He defined large deals as those greater than $500,000. The statistic, which he shared during Google parent company Alphabet’s earnings call, applied to all of Google’s cloud business. That means the growth refers to both Google Cloud Platform and Google’s productivity tools in G Suite.
“It does display the traction we’re having with cloud in the market,” Alphabet CFO Ruth Porat said of the statistic during the question and answer portion of the earnings call.
We don’t know exactly how many big deals Google had in Q2 of 2016, and executives were scant on other numbers when it comes to Google’s growing cloud business.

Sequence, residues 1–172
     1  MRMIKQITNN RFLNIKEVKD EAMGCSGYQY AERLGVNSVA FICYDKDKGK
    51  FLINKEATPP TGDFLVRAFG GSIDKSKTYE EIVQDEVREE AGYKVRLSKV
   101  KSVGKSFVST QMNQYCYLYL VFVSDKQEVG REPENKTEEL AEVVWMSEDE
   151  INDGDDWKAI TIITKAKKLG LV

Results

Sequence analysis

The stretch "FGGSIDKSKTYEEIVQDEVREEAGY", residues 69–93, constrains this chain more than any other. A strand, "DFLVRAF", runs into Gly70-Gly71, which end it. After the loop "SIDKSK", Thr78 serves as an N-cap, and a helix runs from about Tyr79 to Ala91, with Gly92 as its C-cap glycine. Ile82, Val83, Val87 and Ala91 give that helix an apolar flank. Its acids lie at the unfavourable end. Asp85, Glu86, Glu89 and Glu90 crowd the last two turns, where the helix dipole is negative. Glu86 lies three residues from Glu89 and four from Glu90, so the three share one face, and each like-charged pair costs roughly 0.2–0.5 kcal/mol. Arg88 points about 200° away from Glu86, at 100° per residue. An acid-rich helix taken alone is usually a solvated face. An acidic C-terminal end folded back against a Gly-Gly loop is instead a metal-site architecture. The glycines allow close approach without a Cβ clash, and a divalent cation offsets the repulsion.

But cloud is likely the fastest growing business for Google, which for years has been looking for its next big bet after search advertising.
Google doesn’t break out cloud revenue, though it’s understood cloud makes up a large portion of the company’s “other,” or non-advertising, revenue. That “other business” increased 42 percent to $3.1 billion in the period, growing twice as fast as its main ad business. Ad sales gained 18 percent to $22.7 billion for the quarter.
Porat also said that among product areas, cloud accounted for “the most sizable headcount additions” from Alphabet’s 1,614 new hires in the last quarter. But she didn’t say what proportion of new hires were for cloud.
The problem with all these details is they don’t really help us better understand how Google cloud’s growth compares to competitors Amazon Web Services and Microsoft Azure, which come in first and second place respectively in terms of market share.